Options 3 is a fun path IMO and one many here take / took. It can be even more fun with geo-arbitrage if that's an option. "Thrift" seems to be cool again in some circles too so our single engineers' dating life might survive.
You focus on singles, but dual incomes present another option that you hint at. DW and I ended up with reasonably good salaries in the DC area when we moved here after the kids left home. We rented, then bought, places with costs that could be covered by either salary alone and have been saving nearly the entirety of the 2nd salary. We still feel that we are living nicely, we just don't need to keep up with what others in our income bracket seem to want.
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Old 05-13-2014, 04:59 PM   #54
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Before moving to southern Ohio 25 years ago, I lived for various periods from a few months to a few years in 14 different cities, most in the US but several overseas (military career).

A few of those places seemed like they would be great for permanent homes, but I couldn't afford them at the time and I still can't afford them. Most of the rest were just OK places with nothing special to recommend them.

During all my travels back then and since, I've pretty much settled on a geographic area that seems best suited to me, but it's far from here and has a higher cost of living.

The key, however, is that DW has lived here all her life, knows just about everyone, and really, really doesn't want to ever leave. I could probably get her to go along if I pushed it, but I don't want to do that. I'm content enough here and the COL really is low.
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Old 05-13-2014, 05:30 PM   #55
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Parents moved from NY to AL when I was in college. The house in AL had a reverse mortgage. Been here in OH for ~35 years, will move to FL to be with friend.

Define home.
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Old 05-13-2014, 05:36 PM   #56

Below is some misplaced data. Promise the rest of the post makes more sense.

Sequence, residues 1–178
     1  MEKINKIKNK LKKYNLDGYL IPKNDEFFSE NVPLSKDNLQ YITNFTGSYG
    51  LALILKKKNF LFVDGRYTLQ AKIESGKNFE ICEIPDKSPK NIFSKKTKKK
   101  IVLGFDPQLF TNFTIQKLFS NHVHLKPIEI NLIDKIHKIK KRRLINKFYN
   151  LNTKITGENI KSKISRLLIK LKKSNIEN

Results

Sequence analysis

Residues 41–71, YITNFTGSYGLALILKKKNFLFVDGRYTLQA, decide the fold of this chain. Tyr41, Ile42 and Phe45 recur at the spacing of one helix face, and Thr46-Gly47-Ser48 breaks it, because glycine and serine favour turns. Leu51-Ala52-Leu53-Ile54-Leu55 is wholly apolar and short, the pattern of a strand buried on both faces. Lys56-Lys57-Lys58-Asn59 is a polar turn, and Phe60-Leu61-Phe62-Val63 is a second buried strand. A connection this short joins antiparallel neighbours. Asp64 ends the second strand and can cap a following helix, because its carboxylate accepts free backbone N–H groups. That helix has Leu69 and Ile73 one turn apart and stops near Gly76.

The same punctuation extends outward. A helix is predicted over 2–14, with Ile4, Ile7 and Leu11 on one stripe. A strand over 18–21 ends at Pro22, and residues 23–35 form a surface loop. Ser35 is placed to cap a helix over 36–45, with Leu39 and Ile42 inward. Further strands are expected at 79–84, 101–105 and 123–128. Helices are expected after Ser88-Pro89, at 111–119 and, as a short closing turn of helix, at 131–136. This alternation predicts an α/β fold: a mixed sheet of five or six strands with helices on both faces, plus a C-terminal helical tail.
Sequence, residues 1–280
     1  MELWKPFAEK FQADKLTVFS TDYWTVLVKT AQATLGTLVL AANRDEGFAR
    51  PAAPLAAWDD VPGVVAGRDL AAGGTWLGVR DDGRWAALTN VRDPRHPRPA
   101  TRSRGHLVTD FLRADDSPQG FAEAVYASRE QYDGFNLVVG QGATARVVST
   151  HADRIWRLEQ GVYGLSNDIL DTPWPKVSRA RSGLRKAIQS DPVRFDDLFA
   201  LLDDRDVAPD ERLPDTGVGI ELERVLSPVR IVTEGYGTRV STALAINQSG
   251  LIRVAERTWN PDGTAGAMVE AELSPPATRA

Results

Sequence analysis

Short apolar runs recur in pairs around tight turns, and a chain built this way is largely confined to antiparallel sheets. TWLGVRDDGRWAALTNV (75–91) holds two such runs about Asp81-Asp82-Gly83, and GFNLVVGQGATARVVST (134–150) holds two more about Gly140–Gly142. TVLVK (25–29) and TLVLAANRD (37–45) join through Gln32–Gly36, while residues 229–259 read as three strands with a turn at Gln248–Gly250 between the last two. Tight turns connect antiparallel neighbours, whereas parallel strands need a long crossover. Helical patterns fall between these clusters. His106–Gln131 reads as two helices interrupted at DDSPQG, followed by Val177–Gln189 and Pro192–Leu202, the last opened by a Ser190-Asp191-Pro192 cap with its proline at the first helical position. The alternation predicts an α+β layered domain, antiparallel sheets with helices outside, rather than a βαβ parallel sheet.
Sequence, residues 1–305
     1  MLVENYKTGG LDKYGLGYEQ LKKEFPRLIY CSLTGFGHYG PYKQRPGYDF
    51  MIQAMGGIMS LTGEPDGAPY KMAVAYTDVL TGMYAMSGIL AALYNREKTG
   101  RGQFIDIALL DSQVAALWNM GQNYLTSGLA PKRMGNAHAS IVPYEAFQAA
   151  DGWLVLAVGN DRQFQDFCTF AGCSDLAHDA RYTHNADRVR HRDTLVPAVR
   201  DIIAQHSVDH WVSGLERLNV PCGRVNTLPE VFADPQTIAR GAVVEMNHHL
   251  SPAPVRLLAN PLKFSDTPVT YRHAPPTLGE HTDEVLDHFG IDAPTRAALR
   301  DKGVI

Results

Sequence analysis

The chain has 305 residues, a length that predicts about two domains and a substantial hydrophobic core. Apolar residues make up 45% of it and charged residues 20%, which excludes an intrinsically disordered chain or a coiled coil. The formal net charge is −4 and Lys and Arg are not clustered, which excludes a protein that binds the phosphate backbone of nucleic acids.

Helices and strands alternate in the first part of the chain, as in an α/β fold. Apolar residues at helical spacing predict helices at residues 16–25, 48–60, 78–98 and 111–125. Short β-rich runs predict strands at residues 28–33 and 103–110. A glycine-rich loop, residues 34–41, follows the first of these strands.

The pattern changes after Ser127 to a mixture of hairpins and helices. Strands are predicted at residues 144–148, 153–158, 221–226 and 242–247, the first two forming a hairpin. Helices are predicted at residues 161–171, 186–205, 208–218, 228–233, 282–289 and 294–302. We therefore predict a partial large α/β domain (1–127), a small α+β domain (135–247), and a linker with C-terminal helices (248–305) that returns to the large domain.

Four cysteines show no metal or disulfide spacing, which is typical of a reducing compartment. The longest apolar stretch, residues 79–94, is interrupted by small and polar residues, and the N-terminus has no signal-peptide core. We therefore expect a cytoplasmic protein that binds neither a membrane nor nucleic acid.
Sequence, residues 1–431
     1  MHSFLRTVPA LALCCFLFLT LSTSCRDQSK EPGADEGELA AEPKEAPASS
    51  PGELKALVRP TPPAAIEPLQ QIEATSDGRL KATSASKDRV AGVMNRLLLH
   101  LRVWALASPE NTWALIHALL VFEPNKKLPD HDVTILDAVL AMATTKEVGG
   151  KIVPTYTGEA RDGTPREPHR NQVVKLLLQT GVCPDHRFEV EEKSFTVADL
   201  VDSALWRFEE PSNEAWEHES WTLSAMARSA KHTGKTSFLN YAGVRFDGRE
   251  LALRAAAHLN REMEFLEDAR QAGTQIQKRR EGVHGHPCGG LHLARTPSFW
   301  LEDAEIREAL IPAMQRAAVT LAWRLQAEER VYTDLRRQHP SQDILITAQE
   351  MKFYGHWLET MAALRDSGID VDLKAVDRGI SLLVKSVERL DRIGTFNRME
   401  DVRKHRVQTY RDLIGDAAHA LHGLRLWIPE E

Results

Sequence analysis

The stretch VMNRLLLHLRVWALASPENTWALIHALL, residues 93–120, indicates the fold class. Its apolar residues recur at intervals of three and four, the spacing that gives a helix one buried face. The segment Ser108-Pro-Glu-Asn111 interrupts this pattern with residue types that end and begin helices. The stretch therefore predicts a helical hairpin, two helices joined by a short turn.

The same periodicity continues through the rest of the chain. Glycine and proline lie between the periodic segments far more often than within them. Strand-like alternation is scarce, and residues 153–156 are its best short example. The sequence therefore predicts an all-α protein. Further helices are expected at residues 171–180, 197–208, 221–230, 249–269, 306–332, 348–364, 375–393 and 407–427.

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My hometown was in the coal region of Pa..so not only could I go home again but I could buy the nicest home there . Would I ? No , I have moved on and that town has not .It was a great place to grow up but not to spend a lifetime .
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Old 05-13-2014, 05:39 PM   #57
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Define home.

Not to be corny but "Home is where your heart is " .
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Old 05-13-2014, 05:54 PM   #58
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25 years ago we planned to retire in Mystic CT or San Diego, both appreciated out of our reach before I retired. Welcome to flyover country...
I'd take flyover country over the coasts any day! Everything is cheaper, and the areas are less crowded and more quiet.
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Old 05-13-2014, 06:55 PM   #59
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I'd take flyover country over the coasts any day! Everything is cheaper, and the areas are less crowded and more quiet.

I am with you Zesty and for the same reasons, but 50 years of living here and knowing this lifestyle only is probably the main reason. If San Diego had a population of 20,000 and new 1500 sq. ft. ranch homes went for $145,000 I imagine I would have moved there already. I was just reading another middle class home affordability problem for certain areas of country. They defined it as 31% of your monthly income for principal, interest, taxes, and insurance... Well that would mean my monthly mortgage payment could be over $2,000 a month. That is just insane to me. Mine is around $700 and I think that is plenty high.


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Old 05-13-2014, 07:40 PM   #60
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I was just reading another middle class home affordability problem for certain areas of country. They defined it as 31% of your monthly income for principal, interest, taxes, and insurance... Well that would mean my monthly mortgage payment could be over $2,000 a month. That is just insane to me. Mine is around $700 and I think that is plenty high.
I think that if I had a potential monthly mortgage payment of $2,000, I'd consider living in a refrigerator box under a bridge, instead.

Seriously, I want to live someplace nice but being owned by a house has never been my goal in life.